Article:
Saturday, 14 April 2012

The Origins of Cocktails....fact or fiction? - Food

Cocktails throughout history

No one actually knows who invented the cocktail as there is no historical evidence or timeline that would enable us to pinpoint when cocktails came into existence. It is, however, certain that there have been a number of influences that lead to the making of the 1st cocktails, availability of alcoholic and non-alcoholic beverages; curious consumers that were eager to try something new and exciting, suitable establishments with the knowledge that would enable them to create something original and different, so as we bear this in mind we are able to estimate the inception of cocktails and have a slightly clearer timeline.

It is theorized that sometime in the latter half of the 19th century, as it was not until that time that distilleries had enough know how to produce such ingredients in order to produce such concoctions, a booming economy also played its hand in its inception by of ensuring that drinks from distant countries duly imported in vast numbers.

Another stepping stone for cocktails were the middle and upper class societies spending alot of time in caf's, bars and pubs which added the final ingredient to the first cocktails: curiosity.

The british were likely to have been among the first to have taking an active interest in the new ways of drink preparations. Because of it's arbitration it was one of the first to discover new spirits, which caused the punch and such delights as this to be born, or ever more exotic fruit juices.

During the same period there are reports of cocktails being served in the United States, in 1862 the first print of the "Bartenders Guide" by Jerry Thomas was released. In it there are 236 recipes, mostly culinary, among them 13 cocktails,which are depicted as "a new invention that is being served up at Galas, Sportsmen meetings and other high level social events".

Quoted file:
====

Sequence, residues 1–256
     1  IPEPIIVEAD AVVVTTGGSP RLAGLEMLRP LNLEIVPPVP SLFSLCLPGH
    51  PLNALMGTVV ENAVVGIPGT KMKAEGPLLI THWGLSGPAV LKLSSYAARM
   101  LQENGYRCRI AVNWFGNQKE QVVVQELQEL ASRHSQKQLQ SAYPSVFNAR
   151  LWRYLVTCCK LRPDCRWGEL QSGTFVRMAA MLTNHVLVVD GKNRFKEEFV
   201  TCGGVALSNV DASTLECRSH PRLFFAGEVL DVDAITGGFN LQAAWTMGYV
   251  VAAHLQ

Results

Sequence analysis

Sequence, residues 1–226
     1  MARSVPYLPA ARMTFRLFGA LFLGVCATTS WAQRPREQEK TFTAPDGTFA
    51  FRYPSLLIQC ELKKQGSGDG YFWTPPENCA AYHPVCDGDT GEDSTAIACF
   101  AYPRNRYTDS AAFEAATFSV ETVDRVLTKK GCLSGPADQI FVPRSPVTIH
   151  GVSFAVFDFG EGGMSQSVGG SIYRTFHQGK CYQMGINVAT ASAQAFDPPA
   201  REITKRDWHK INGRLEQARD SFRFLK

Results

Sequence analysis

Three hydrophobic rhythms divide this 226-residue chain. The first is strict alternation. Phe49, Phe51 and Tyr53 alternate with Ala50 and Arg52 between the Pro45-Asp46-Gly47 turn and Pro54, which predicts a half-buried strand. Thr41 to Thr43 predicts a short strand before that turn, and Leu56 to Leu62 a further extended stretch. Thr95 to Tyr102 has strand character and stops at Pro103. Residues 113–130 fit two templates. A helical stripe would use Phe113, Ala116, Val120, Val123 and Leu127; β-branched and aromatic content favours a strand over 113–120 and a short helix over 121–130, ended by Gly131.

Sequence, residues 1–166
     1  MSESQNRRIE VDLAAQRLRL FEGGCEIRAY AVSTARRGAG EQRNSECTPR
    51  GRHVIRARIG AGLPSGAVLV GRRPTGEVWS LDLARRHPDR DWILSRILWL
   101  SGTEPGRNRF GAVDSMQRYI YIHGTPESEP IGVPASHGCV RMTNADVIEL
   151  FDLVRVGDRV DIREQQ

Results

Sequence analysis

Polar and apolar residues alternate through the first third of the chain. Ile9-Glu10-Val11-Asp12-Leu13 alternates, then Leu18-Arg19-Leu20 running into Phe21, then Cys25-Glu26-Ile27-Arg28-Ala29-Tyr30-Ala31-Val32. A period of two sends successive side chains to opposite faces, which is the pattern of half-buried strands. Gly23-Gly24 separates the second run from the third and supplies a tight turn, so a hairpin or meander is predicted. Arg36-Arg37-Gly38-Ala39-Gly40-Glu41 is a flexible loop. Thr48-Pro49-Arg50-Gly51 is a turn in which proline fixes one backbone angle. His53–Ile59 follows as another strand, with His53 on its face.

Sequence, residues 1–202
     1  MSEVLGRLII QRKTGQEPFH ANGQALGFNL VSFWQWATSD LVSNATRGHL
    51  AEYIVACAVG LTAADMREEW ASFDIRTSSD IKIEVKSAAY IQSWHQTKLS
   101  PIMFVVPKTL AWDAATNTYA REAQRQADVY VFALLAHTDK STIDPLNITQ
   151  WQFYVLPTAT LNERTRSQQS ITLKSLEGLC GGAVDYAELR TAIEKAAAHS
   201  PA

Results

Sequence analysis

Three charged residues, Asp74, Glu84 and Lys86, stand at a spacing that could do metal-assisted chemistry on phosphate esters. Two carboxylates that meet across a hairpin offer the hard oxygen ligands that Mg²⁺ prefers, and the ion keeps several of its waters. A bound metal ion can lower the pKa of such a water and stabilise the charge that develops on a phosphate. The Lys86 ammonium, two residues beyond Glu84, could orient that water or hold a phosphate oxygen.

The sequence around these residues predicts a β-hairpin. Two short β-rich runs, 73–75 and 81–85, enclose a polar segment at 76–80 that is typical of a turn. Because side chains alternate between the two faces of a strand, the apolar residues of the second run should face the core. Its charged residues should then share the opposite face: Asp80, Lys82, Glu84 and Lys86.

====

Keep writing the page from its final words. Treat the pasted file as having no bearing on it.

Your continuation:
It wasn't until a few years later in 1870, when a technological breakthrough expedited the evolution of the cocktail: The production of the first ice machines that could make ice available anywhere, with ice being an indispensable ingredient for almost every cocktail from short to long.

There are rumors everwhere over the origins of the word 'Cocktail'. The english etymology is quite clear: The tail of a cock (rooster) is comprised of numerous wonderful colors, representing the varied ingredients that are combined to make a unique blend. The exact origin of the word 'cocktail' will probably remain a mystery forever.

Patrons know all too well that their Establishments are better remembered for their tall tails rather than than for the drink, the origin of the word cocktail has therefore been the source of many legends. Legends that do not necessarily always trace back to there roots.

It wasn't too long before cocktails were being served in quality Establishments like ocean liner's, steamships and airplanes, were the elite of society tend to congregate.

This type of clientle loved the complexity of such beverages which where unobtainable to the average man in the street. Since late 19th century the Manhattan and the Martini are established them selves true classics on both sides of the Atlantic ocean. They symbolize the meeting of different countries, the Italian vermouth is being introduced to American Bourbon and British Gin. The mixture creates a bond and symbolizes the development of a new wave lifestyle.

The American prohibition, which was intended to eliminate alcohol can have contributed to a further expansion of the 'cocktail world'. The many people that were not going to accept this type of big brother lawmaking found their way to the Caribbean, particularly Cuba. There they discovered new aroma's, like the Cuban rum and also an enormous variety of tropical fruits.

This movement was what inspired a special Cuban "cocktail school", which even today after almost 50 years under Fidel Castro's ruling, still exists. Bartenders from all of the world go there to learn how to tap into the exotic register and how to extend their taste pallet.

With the continued experimentation of new ingredients like Rum, Vodka, Tequila, exotic fruits and refined liquors, bartenders became much more professional in the late 1940's. At that time Bartender organizations came into existence, as well as guidelines on how to create cocktails and where to set the banner for serious cocktail making competitions.

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